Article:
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Old 01-22-2009, 11:30 AM   #5 (permalink)
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Default Re: by Nature Organics / Whey Protein

Thanks for all the information guys/gals. I had found this site (http://www.b-naturals.com/newsletter/puppy-protein/) on protein for dogs. This is the information that gave me the feeling it was ok to offer. I also have had good experience and understanding of "whey" being the best balanced protein for human consumption, and not for bodybuilding, for any human needing a stronger immune system to the already healthy. We use it in our family with one having an autoimmune disease, and I have blood sugar issues due to a bad growing up diet...so I take the diet issue very serious.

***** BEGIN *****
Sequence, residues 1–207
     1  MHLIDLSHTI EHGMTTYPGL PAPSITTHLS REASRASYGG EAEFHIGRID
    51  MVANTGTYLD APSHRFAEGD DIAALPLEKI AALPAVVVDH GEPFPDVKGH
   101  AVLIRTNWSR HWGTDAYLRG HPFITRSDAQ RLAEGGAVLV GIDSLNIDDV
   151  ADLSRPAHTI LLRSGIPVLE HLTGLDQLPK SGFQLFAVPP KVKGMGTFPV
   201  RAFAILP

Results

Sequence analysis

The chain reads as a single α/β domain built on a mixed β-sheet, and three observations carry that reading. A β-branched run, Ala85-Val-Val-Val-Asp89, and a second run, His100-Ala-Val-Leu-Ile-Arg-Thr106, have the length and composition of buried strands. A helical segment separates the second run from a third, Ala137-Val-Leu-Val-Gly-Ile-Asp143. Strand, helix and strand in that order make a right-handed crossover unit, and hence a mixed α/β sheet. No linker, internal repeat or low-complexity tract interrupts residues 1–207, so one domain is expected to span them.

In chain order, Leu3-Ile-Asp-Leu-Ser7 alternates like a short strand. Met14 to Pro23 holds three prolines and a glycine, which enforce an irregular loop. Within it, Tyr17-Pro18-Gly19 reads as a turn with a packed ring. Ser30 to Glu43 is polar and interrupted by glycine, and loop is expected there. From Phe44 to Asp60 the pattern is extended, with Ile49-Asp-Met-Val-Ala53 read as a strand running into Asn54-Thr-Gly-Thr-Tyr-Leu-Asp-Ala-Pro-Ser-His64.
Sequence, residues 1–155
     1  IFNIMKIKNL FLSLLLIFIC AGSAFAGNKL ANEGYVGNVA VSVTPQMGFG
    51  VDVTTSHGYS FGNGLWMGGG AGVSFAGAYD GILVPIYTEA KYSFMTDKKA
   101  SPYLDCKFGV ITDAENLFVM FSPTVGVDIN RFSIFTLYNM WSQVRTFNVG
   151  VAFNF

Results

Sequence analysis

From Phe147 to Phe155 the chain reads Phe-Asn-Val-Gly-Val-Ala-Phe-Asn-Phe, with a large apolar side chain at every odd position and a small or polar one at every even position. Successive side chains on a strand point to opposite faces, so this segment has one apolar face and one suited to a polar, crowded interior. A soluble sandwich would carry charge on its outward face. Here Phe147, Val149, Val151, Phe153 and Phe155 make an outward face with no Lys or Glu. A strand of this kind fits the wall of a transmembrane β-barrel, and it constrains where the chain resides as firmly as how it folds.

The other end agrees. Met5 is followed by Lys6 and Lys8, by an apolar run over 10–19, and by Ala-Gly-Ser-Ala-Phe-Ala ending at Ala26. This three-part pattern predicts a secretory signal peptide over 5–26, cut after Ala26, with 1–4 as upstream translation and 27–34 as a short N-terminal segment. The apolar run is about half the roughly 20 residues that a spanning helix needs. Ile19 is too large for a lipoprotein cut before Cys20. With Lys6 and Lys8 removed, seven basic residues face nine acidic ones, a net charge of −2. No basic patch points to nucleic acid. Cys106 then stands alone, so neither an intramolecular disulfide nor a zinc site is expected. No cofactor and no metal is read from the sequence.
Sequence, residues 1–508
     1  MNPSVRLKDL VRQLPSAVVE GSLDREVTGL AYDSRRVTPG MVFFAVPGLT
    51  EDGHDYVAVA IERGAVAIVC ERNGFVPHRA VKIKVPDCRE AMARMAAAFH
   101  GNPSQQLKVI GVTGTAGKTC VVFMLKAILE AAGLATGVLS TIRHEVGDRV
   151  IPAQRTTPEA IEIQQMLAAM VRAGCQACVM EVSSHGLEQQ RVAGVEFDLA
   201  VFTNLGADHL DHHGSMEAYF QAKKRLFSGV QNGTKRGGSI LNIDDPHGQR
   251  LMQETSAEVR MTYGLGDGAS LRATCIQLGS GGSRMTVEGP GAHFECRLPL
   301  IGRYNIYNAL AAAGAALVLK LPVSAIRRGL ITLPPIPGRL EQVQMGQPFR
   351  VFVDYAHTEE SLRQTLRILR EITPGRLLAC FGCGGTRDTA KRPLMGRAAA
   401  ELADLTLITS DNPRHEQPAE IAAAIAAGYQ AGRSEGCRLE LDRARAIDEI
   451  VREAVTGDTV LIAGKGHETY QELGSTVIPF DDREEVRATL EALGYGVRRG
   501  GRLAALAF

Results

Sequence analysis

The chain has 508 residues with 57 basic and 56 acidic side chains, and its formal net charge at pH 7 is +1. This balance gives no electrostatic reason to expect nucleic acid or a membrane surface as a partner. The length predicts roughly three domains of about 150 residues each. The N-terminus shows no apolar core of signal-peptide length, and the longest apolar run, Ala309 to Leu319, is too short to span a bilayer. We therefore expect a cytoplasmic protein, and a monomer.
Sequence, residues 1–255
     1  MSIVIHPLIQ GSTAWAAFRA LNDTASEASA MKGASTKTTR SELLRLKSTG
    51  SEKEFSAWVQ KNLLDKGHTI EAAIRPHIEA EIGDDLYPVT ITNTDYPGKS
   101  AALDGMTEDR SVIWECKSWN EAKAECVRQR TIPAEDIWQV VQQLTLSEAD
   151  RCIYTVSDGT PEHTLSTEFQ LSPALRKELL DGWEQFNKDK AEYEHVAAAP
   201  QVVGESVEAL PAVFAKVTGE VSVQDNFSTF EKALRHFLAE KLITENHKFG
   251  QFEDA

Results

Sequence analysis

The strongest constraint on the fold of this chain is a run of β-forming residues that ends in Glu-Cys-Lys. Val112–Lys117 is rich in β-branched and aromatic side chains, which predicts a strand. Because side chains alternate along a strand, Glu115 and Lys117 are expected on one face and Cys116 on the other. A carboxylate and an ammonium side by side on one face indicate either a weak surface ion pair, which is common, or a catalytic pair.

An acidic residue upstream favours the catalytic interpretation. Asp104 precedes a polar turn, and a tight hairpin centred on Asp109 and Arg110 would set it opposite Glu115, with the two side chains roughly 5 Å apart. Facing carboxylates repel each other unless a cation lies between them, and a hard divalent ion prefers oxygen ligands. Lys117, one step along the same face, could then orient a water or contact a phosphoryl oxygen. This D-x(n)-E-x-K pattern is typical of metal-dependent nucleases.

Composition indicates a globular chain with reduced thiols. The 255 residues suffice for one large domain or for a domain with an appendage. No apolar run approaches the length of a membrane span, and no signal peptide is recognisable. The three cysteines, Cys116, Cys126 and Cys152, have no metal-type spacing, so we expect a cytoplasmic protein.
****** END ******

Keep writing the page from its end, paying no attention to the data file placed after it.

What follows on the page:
Zhanna, adding more kibble will usually increase fat and I want to keep this to a min. so that's why I staid away from the puppy formulas, plus I wanted an all organic food so my selection was limited.
Hanna, there is flaxseed oil in the food, but I did notice no fish oils, being organic I assume it felt better with amega 3 from flax? Also as an organic, the 3,6,9 ratio should be a little better in the meats due to more free grazing and better feeding habits than a non-organic industrialized product., again that is an assumption based on what I believe to be true...anyone can curb my belief with some good information though.
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Old 01-22-2009, 11:46 AM   #6 (permalink)
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Default Re: by Nature Organics / Whey Protein